Bill on school bus seat belts clears House panel 9-7

A bill requiring Tennessee school buses to be equipped with seat belts cleared the House Transportation Committee with a 9-7 vote Tuesday amid concerns over costs and other factors. The bill by Rep. JoAnn Favors, D-Chattanooga, (HB395) was prompted by a Nov. 21, 2016, school bus crash that killed six Chattanooga children.

Further from the Times-Free Press:

It now goes to the Education Administration Planning Committee where, legislators say, the going may get tougher.

Favors, a retired nurse, told colleagues “there’s plenty of scientific evidence to prove that restraints on school buses will minimize injuries and fatalities.”

The lawmaker said she tried to address her original bill’s “astronomical costs” to state government and local school systems. Changes push back the implementation mandate a year so that new school buses would have to come equipped with safety restraint systems beginning July 1, 2019. And they delete the requirement that all buses must have the safety belts as of July 1, 2023. They also eliminate a seat belt retrofitting provision.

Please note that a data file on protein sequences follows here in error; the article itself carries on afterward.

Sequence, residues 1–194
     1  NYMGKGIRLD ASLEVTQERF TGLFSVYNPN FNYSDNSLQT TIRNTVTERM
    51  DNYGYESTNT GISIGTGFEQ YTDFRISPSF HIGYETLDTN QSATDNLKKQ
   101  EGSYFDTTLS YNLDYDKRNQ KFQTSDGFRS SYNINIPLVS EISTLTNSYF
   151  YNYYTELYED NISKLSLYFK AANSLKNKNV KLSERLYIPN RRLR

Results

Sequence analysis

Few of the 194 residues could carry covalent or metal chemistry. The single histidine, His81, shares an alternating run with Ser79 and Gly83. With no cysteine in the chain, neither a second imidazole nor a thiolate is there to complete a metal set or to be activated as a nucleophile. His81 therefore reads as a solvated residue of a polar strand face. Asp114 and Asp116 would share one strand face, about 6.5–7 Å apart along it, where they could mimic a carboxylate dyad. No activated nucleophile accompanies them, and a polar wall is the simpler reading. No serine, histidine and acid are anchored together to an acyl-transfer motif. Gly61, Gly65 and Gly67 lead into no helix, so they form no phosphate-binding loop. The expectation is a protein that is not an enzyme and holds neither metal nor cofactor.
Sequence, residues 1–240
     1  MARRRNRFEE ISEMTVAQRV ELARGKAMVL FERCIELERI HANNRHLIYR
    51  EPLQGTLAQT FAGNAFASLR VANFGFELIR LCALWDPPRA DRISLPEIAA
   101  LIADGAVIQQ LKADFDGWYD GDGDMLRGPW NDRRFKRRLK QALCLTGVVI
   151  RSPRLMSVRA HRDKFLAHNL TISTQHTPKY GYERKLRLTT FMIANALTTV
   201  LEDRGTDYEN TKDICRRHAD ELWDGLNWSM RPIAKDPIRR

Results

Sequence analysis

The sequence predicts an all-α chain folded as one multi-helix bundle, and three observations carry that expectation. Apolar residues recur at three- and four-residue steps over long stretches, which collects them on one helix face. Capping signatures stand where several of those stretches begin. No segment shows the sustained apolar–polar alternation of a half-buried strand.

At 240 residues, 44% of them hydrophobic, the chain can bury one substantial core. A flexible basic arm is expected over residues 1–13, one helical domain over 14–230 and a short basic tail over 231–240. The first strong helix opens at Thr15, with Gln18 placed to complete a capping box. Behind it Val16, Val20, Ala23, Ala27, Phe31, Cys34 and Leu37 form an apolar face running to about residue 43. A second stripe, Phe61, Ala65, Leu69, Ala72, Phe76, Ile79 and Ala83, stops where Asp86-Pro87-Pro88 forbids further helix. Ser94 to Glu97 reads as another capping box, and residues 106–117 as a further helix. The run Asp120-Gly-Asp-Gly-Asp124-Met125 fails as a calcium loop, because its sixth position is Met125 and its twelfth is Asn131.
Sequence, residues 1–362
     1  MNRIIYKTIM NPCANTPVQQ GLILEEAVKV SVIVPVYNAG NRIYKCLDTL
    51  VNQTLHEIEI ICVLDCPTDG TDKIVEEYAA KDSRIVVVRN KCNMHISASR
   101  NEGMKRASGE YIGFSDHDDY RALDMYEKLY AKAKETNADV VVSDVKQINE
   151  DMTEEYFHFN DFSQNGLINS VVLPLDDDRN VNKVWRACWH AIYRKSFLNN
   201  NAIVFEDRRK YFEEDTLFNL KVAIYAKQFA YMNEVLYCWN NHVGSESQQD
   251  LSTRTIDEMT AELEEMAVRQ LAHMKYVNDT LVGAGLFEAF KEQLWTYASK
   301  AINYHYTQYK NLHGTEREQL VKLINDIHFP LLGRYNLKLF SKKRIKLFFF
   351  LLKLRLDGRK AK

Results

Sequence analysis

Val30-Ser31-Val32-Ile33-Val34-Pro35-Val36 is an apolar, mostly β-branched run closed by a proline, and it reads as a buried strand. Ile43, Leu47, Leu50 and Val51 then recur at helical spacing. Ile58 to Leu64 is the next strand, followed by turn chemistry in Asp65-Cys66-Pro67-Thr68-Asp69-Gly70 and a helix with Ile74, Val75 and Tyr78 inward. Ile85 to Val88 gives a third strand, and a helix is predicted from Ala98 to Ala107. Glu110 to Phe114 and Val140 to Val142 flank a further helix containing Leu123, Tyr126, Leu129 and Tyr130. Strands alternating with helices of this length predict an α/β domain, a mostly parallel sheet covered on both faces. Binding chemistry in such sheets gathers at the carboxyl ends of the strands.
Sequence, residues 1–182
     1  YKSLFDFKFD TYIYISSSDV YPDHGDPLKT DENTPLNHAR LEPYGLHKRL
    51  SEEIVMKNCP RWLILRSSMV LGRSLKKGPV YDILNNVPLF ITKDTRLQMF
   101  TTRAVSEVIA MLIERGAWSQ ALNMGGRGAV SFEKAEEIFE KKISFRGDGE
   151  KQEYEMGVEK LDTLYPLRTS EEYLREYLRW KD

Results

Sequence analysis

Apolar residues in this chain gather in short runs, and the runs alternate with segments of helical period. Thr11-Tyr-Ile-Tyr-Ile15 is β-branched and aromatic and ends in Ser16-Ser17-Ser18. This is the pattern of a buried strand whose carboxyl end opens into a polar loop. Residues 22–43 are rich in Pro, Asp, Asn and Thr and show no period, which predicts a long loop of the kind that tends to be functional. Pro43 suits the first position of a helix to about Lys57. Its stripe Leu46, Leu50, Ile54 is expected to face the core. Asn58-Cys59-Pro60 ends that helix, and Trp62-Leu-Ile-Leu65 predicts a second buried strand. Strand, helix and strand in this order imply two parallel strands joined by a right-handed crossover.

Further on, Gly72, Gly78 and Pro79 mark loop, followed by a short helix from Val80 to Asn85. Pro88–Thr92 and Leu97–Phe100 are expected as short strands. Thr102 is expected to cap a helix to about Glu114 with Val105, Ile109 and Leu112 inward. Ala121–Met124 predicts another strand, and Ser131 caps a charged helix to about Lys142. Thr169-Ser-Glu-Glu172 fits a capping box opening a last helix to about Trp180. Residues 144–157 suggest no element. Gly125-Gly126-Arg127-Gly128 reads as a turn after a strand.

Legislative analysts’ fiscal note on the original bill estimated a state cost of nearly $12 million a year over five years, with a $70 million per year cost over six years for school districts. Favors’ changes would increase state expenditures by $2.15 million a year going forward, with the money going to local schools. Local schools’ cost would be $12.91 million annually going forward.

Legislative analysts estimate schools replace about 600 buses a year. There are an estimated 9,000 buses owned by districts or by their contractors.

Citing the bill’s costs, Chairman Barry Doss, R-Lawrenceburg, suggested to Favors that she not proceed with the measure this year and “try to get funding next year.”

But Rep. Bo Mitchell, D-Nashville, drew applause from Chattanooga parents, grandparents and Woodmore students when he pointed to the state’s $1 billion budget surplus and said “we have an opportunity to do something for the safety of children today and not push it down the road again.

“We got a problem in front of us that we can solve here and now,” Mitchell said. “And I think it’s time for action.

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